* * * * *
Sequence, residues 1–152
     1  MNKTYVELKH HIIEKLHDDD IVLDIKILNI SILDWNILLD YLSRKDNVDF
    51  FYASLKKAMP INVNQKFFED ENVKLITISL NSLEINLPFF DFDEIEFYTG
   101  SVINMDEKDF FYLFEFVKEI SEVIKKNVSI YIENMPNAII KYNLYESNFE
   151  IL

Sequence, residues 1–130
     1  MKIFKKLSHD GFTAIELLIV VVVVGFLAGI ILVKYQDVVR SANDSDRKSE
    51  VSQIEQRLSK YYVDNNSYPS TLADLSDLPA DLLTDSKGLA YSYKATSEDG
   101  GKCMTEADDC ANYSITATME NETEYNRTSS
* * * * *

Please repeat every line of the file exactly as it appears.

Sequence, residues 1–152
     1  MNKTYVELKH HIIEKLHDDD IVLDIKILNI SILDWNILLD YLSRKDNVDF
    51  FYASLKKAMP INVNQKFFED ENVKLITISL NSLEINLPFF DFDEIEFYTG
   101  SVINMDEKDF FYLFEFVKEI SEVIKKNVSI YIENMPNAII KYNLYESNFE
   151  IL

Sequence, residues 1–130
     1  MKIFKKLSHD GFTAIELLIV VVVVGFLAGI ILVKYQDVVR SANDSDRKSE
    51  VSQIEQRLSK YYVDNNSYPS TLADLSDLPA DLLTDSKGLA YSYKATSEDG
   101  GKCMTEADDC ANYSITATME NETEYNRTSS